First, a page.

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Erosional Processes

Marine and Subaerial Processes that erode the coastline

Freeze-thaw water collects in the cracks; water freezes and expands, melts and contracts; repeated expanding and contracting results in progressive weakening of the rock; this is most effective in cool maritime climates
Heating and Cooling thermal expansion and contraction of rock in daily cycle of heating and cooling; different crystals in the rock cause uneven contraction which sets up stresses in the rock
Wetting and Drying minerals such as montmorillonite in clay rocks expand and contract due to wetting and drying, causing stresses in the rock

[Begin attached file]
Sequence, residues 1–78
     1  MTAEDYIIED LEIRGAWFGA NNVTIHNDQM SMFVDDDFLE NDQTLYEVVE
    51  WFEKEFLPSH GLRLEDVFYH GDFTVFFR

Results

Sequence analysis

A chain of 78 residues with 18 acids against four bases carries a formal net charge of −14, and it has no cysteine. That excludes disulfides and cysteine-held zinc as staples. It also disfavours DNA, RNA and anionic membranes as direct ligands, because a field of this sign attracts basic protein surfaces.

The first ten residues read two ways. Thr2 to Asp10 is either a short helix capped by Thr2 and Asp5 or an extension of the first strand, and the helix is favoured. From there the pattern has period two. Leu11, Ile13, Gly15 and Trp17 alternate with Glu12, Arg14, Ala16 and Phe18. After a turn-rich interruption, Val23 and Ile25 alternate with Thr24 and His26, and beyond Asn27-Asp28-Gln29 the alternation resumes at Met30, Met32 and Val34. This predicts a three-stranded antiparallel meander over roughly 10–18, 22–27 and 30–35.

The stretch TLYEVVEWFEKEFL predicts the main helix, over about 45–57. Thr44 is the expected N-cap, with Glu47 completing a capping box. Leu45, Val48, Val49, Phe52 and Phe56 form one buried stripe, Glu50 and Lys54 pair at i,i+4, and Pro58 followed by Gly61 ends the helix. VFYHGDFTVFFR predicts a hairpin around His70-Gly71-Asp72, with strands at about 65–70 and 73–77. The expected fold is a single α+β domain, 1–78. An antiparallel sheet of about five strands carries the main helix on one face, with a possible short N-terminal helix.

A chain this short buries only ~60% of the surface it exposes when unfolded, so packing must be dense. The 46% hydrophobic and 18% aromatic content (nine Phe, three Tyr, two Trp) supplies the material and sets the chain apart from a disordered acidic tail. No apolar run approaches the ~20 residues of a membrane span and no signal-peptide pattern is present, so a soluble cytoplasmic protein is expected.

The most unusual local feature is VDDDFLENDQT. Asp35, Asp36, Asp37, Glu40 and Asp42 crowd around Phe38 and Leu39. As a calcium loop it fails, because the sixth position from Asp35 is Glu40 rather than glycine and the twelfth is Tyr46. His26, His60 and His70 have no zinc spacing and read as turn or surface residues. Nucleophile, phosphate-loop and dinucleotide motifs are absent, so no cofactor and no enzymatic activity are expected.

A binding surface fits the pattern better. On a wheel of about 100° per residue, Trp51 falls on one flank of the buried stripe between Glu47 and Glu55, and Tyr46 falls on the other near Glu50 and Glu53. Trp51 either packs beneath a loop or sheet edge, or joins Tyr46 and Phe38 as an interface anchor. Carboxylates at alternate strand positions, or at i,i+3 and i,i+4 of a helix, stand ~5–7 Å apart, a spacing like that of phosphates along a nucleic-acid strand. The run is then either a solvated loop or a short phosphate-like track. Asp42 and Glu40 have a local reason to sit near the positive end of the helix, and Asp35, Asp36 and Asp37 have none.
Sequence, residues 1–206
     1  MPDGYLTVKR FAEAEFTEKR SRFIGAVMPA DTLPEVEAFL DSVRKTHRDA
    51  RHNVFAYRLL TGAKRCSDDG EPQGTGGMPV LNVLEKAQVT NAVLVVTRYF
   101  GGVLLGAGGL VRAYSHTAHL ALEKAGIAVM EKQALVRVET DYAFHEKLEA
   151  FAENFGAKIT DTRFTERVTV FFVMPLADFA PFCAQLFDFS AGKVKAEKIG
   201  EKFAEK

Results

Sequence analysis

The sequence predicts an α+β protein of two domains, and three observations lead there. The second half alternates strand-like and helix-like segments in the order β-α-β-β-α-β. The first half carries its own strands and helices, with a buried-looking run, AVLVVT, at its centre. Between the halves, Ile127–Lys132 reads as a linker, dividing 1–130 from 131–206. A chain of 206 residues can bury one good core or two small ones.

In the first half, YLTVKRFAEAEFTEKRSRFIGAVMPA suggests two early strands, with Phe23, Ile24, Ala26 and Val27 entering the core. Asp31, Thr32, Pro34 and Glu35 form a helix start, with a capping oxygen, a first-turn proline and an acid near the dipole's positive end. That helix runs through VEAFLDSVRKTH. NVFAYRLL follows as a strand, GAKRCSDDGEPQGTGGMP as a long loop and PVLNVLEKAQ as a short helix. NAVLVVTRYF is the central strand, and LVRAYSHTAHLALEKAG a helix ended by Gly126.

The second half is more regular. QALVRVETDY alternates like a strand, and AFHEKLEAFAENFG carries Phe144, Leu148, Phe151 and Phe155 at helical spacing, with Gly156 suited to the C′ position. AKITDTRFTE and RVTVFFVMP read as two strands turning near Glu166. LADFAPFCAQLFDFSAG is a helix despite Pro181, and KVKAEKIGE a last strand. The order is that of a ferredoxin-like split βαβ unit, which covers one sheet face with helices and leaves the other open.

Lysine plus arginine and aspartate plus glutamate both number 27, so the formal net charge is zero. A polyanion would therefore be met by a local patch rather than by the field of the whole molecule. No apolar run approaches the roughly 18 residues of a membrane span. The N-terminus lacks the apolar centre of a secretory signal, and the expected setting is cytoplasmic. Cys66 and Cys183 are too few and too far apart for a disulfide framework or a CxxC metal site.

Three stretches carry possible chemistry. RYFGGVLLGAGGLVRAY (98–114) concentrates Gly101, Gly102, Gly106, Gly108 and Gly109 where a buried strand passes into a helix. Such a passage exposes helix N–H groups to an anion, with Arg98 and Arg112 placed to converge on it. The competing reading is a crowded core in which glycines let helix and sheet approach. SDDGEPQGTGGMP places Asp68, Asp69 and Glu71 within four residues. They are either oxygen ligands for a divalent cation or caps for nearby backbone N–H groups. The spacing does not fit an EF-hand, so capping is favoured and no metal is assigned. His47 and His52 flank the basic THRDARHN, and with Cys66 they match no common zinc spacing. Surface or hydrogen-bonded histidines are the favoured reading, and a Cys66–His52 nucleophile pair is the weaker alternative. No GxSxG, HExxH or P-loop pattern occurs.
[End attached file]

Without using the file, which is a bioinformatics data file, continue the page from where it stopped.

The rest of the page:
Crystal Growth saline water enters cracks in the rock and evaporates, leading to the growth of salt crystals (e.g. sodium carbonate and magnesium sulphate); growing crystals prise the rock apart
Hydrolysis hydrogen ions from water react with minerals in the rock, causing it to disintegrate; this is common in granite; reactive ions are removed
Hydration water is absorbed, causing structural changes in certain mineral crystals (e.g. calcium sulphate becomes softer); absorption causes rocks to swell, creating stress
Carbonation hydrogen carbonate reacts with calcium carbonate from limestone and sedimentary rocks to form calcium bicarbonate which readily dissolves
Solution some minerals readily dissolve in sea water (e.g. halite - the mineral form of NaCl)
Oxidation some minerals react with oxygen (e.g. Fe2+ is oxidised to form Fe3+, leading to the collapse of its molecular structure)
Created by: GraceAlston